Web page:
Cons of getting injured in soccer
- The level of injury negatively affects a team’s success, if a team has fewer players available due to injuries, they tend to achieve fewer points on average
- Some injuries require major surgery and can also lead to early arthritis
- Constant pain can interfere with a young player’s growth and development
- Some severe injuries when obtained can prevent a player from participating in the game for the rest of the season
Injury can even lead to death if not handled rightly, just like in the case of Jean-Pierre Adams a French professional soccer player who after a ligament rupture injury went into a coma due to some mistakes made during surgery and eventually died after 39 years in a coma
Getting injured in soccer is not new as it has been in existence since the invention of the sport and will continue to be in existence in the game of soccer. Players should be extremely conscious while playing and also try to prevent getting injured or causing other players an injury.
Some of the known reasons why you keep getting injured while playing soccer includes the following:
Poor preparation before play
Some players do not prepare properly before a season commences. This causes poor performance and injury which will not only affect the player alone but also the team they play for. A player that neglects to maintain fitness by constantly warming up, stretching, and eating healthy is prone to get injuries during a game.
Sticking to a balanced fitness program that incorporates aerobic exercises, flexibility, and strength training during the off-season and being in good physical condition at the beginning of a new season increases a player’s activity level.
The use of inappropriate equipment
When the wrong sports equipment is used, there is a higher risk of injury. Wearing appropriate gear drastically reduces the chances of getting injured. It is a crucial part of soccer-related injury prevention.
Soccer game records show that lower leg injuries are most frequently caused by inadequate shin guards. Shoes having screw-in cleats are frequently associated with a high risk of injury.
Protecting yourself with the right sports gear is paramount because soccer involves many players all on the pitch at once. Thus, collisions easily occur even when you are not directly involved with the ball.
To protect your lower feet, wear shin guards and shoes with molded cleats. Shoes with screw-in cleats should only be worn when more adhesive friction is needed such as on wet fields with tall grass.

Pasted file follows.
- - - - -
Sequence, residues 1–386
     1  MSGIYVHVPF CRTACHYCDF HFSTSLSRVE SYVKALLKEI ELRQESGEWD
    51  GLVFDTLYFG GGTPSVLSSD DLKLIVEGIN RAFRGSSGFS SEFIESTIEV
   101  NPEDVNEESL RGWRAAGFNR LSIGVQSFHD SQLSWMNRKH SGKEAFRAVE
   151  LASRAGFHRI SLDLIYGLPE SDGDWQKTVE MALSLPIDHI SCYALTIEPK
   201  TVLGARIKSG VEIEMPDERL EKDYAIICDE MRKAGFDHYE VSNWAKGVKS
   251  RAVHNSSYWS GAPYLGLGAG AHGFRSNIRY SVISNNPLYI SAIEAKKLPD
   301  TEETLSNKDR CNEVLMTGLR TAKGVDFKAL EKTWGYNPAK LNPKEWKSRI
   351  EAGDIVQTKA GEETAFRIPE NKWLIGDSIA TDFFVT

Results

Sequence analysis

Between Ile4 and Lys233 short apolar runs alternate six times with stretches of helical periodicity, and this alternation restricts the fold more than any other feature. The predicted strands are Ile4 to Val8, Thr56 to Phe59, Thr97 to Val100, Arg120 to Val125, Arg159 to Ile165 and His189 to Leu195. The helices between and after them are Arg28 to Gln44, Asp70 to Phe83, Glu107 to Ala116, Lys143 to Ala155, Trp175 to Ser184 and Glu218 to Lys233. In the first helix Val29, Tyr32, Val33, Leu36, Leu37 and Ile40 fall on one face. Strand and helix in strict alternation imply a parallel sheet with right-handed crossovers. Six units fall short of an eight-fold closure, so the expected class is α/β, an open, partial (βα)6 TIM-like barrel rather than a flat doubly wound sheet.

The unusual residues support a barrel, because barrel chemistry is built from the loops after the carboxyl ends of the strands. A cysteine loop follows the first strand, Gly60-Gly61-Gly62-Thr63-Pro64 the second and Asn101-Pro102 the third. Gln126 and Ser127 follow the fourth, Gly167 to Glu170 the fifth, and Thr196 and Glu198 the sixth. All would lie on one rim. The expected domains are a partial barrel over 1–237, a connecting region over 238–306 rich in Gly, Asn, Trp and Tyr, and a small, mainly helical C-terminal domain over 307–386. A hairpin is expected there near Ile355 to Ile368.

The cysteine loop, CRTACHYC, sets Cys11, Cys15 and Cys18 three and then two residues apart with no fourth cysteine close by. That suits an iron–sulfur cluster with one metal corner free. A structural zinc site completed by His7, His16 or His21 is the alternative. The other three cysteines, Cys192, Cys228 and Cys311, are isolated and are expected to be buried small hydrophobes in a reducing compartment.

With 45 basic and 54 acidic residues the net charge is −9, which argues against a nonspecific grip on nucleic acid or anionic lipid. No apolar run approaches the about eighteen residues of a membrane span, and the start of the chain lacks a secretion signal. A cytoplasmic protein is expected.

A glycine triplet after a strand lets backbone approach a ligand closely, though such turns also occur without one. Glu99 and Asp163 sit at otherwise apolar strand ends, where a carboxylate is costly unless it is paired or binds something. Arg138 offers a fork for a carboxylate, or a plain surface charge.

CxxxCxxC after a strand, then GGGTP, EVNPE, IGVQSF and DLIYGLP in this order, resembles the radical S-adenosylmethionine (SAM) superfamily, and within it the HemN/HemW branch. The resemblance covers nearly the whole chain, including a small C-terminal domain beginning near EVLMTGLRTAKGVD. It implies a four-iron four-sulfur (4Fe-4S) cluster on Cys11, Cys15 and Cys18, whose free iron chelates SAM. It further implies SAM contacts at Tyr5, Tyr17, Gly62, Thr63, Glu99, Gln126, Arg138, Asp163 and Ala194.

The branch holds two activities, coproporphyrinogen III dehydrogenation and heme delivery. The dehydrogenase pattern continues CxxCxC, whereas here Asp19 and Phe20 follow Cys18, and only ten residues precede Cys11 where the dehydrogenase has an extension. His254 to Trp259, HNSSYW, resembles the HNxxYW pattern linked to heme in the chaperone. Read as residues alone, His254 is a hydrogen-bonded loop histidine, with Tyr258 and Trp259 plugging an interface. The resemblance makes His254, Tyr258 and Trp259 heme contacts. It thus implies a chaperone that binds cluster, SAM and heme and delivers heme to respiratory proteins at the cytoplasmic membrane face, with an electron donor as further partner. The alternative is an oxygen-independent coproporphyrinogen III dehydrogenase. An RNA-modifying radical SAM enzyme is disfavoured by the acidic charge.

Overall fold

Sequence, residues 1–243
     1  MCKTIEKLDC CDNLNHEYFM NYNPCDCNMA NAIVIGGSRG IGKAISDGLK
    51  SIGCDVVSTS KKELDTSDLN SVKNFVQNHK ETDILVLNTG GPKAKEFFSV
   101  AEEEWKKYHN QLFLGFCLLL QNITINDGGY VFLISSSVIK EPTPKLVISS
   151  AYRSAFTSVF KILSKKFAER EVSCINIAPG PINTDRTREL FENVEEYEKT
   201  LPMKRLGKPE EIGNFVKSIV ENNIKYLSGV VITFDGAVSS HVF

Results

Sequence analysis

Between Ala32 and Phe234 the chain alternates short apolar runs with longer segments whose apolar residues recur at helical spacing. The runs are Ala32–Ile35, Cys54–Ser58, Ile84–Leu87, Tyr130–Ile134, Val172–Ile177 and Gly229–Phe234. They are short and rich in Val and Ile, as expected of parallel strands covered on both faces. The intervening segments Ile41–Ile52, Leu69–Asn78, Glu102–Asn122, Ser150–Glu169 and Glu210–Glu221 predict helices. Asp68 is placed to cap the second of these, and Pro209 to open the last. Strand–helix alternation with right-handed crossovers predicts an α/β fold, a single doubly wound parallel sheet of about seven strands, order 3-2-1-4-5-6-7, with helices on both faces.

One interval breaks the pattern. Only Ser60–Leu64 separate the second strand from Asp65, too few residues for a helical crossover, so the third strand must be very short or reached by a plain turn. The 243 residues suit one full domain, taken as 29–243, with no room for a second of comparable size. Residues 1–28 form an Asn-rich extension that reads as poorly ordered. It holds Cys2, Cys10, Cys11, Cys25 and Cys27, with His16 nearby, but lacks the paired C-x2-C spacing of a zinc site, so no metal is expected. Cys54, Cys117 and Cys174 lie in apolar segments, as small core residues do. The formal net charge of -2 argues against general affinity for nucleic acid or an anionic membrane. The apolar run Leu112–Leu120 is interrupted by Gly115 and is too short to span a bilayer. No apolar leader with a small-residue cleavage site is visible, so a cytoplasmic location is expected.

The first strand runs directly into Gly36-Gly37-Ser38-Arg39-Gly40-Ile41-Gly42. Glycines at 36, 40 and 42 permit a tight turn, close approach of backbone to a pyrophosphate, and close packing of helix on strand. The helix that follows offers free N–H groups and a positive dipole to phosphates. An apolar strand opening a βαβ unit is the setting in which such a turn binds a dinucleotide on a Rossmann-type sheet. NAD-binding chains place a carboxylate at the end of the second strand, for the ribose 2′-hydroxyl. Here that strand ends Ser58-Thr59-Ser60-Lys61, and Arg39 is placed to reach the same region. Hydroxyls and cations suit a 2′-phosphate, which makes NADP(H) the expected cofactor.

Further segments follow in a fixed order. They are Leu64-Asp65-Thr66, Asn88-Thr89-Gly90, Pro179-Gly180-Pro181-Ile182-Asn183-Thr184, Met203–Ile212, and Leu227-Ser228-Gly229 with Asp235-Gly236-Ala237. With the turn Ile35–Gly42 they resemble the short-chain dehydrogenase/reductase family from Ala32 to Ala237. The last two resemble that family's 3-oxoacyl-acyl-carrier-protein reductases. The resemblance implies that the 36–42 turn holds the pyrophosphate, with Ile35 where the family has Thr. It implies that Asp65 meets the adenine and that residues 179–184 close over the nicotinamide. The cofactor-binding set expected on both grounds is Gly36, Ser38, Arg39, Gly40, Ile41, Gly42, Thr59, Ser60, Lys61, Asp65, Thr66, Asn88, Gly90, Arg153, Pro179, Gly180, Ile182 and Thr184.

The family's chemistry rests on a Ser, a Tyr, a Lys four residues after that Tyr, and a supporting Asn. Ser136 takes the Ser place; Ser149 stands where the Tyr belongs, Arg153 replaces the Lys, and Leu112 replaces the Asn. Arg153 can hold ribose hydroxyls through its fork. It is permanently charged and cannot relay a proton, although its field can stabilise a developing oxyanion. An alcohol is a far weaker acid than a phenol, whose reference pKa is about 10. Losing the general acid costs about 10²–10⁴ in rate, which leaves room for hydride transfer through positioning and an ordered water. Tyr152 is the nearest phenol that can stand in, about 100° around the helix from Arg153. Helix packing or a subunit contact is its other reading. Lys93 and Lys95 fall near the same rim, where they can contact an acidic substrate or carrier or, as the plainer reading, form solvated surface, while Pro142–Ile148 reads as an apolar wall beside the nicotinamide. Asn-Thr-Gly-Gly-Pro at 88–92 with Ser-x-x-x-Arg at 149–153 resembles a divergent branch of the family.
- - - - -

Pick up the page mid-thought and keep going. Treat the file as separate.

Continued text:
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Last update on 2023-11-10 / Affiliate links / Images from Amazon Product Advertising API
Also, the use of synthetic nonabsorbent balls on wet playing fields is advised. Leather balls put players at high risk of injury when they become water-logged.
When a player continues to play even after sustaining a minor injury, it makes that injury worse. A minor stress fracture that might have healed speedily can develop into a more severe and more painful fracture that will take a longer time to heal.
Playing while injured means you will eventually get injured again. That is because you may be playing in a way that is not normal for your body in order to protect the injured part thereby putting other parts of your body at risk.
It is advised that once you notice an injury, you are to stop playing and talk to your coach or a paramedic. Then, condition your body by evaluating your strengths and weaknesses. Make sure all symptoms are completely gone before returning to play.
In a case of a joint problem, the player must no longer have pain, inflammation, and must have a full range of motion and normal strength before returning to competitive matches.
In the case of a concussion, the player must not have symptoms at rest or during exercises, and they ought to be cleared by the right medical provider.
Injuries are a danger in any sport, especially fast-paced team sports like soccer that frequently involve physical contact among a large number of on-field players.
One of the best ways to reduce your risk of sustaining injuries is to focus on your physical fitness, specifically, exercises that can help strengthen the muscles which support your knees, ankles, and legs.
While accidental collisions may be hard to avoid, wearing protective gears like shin guards and headgears can go a long way in protecting a soccer player from severe injuries that may arise from such collisions. Finally, don’t neglect the importance of eating a healthy diet. Healthy food will help you to heal faster if you ever come down with an injury.
Hi there, I’m Jay.
Soccer is everything in my life! My friends and I have created this blog with all our enthusiasm, passion, and understanding after years of playing pro soccer. Hope you will enjoy it!